Iraqi PM announces Baghdad lifting ban on worldwide flights to KRG

Iraq PM lifts flight ban to Kurdish region’s airports

Iraqi PM announces Baghdad lifting ban on worldwide flights to KRG

In September 2017 people in the semi-autonomous Kurdish region of northern Iraq voted in the controversial referendum, despite warnings from the central government in Baghdad and global opposition.

The ban on worldwide flights was part of sanctions imposed on the Kurdish region after it conducted a referendum in September on Kurdish independence in defiance of Baghdad's wishes.

Al-Abadi's announcement came following a meeting with police officers and employees at the Kurdish airports. "The local authorities in Kurdistan Region reciprocated to returning the federal authority to Erbil and Sulaimaniyah airports", the statement said.

"We had urged the Iraqi MPs not to approve the budget in its current draft", Prime Minister Barzani noted.

Since the air ban was enforced, all Kurdistan-bound global flights have been rerouted to Baghdad, which has also imposed entry visas to foreigners wishing to visit the Kurdistan region.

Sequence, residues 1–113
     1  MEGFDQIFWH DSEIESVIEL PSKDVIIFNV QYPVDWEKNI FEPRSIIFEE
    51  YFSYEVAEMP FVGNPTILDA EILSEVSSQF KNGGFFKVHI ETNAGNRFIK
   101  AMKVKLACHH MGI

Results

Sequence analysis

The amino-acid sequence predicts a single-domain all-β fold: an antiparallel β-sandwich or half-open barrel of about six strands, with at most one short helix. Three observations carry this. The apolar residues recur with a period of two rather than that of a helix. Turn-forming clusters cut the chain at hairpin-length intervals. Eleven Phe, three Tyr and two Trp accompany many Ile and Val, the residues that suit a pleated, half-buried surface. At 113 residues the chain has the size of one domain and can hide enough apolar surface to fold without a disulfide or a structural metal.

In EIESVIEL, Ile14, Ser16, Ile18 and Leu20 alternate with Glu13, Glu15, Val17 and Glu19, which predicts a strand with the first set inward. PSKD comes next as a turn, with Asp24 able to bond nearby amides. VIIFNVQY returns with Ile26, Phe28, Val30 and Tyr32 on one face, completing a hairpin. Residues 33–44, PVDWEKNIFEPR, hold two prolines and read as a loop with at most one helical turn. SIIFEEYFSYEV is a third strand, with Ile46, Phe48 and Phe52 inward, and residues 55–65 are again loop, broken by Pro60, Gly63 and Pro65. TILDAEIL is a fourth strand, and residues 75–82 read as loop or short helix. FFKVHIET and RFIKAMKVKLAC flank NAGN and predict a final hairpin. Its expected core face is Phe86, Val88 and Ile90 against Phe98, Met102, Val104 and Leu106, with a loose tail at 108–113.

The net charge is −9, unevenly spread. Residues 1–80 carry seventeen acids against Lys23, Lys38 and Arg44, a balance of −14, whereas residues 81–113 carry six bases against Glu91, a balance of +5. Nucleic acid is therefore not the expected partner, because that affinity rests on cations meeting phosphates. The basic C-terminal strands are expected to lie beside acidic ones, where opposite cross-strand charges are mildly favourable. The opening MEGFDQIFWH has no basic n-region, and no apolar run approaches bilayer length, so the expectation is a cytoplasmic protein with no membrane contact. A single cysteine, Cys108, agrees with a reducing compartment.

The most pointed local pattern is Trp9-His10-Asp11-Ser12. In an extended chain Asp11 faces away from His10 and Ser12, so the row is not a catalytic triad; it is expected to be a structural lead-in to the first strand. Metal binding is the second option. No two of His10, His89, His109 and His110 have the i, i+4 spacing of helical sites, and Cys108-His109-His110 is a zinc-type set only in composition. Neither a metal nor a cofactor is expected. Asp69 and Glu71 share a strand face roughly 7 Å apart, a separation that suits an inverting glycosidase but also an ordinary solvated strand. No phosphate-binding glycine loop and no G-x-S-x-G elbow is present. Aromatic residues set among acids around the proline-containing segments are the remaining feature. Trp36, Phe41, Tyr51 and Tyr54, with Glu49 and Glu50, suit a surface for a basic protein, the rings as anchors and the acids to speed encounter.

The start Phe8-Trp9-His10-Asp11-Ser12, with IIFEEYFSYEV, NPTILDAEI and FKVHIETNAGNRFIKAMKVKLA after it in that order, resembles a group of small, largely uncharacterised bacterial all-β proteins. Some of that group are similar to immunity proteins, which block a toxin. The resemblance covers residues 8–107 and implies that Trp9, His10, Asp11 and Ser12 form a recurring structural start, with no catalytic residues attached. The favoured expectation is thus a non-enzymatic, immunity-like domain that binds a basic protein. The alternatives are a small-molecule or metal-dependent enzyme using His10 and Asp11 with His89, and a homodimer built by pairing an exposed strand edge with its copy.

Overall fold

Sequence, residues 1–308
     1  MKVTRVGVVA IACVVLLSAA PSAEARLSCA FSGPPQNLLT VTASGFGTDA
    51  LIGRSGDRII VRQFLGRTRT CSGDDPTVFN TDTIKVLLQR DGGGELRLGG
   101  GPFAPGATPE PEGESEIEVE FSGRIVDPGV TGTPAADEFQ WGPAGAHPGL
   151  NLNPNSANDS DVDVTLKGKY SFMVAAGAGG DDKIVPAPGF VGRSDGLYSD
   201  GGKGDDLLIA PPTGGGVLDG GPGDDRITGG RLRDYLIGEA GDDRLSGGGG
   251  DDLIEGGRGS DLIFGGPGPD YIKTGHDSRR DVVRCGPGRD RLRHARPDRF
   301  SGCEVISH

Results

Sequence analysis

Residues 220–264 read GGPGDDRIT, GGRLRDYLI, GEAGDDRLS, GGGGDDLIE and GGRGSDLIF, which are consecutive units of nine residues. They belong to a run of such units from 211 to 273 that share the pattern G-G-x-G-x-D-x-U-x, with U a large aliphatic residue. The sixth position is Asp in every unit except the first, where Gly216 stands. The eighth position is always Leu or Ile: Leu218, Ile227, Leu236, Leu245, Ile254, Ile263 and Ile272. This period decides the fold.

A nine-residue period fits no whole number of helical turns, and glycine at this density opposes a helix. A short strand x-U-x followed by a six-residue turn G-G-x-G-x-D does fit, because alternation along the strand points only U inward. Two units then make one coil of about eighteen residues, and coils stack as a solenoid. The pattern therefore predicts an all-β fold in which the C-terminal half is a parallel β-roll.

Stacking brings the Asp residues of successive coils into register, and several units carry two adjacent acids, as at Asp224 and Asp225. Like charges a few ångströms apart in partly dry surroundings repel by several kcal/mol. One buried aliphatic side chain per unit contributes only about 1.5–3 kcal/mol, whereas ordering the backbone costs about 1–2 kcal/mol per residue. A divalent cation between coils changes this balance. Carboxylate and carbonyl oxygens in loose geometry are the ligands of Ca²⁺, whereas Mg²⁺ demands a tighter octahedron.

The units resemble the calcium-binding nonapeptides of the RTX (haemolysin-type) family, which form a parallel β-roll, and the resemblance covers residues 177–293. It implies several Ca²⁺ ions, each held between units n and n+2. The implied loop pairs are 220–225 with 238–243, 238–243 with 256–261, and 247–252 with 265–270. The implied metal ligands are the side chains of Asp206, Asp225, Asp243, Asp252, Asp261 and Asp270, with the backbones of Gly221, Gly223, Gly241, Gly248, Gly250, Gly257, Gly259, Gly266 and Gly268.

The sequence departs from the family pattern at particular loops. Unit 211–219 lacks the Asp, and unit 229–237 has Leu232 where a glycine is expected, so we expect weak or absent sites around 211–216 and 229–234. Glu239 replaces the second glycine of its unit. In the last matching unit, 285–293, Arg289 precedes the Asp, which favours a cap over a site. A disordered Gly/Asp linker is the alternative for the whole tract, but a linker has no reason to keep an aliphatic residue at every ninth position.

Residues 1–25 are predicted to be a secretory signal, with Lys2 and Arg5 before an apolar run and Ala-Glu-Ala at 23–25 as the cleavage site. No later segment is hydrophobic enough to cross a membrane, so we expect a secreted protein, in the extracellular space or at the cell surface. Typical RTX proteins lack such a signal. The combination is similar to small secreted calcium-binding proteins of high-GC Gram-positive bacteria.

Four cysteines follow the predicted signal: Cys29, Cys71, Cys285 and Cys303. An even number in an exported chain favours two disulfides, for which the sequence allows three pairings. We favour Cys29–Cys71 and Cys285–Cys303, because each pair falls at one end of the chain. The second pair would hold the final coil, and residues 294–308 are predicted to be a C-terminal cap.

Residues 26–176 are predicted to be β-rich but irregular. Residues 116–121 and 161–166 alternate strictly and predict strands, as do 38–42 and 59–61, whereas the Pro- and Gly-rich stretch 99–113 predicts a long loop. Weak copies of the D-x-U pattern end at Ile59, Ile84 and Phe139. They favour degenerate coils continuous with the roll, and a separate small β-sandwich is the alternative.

The decree announced the creation of a new Directorate for Special Protection for the airports of the Kurdistan Region, "which will be under the command and control of the Federal Ministry of the Interior". The move followed an agreement with Kurdish officials to put their two airports under federal control.

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It also specified that a biometric system used in Kurdistan's airports will be linked with the federal system.

It was not immediately clear whether the region would continue to maintain its independent visa system.

The decree comes amid a dispute over the 2018 budget, which the Kurds have vehemently opposed since it was passed by parliament earlier this month.

A statement by Masoum's office said in a statement that the president returned the bill to the Council of Representatives (parliament) to re-examine the draft budget for constitutional, legal and financial violations.

The Kurds, however, are not willing to accept anything less than a 17-percent share, saying there has not been a census in Iraq since 1987.

Iraq's Parliament approved the country's controversial 2018 budget bill in the absence of Kurdish politicians, who boycotted the session. It did not specify the exact percentage to be allocated to the KRG instead stipulating it would receive funds proportional to its share of the population.

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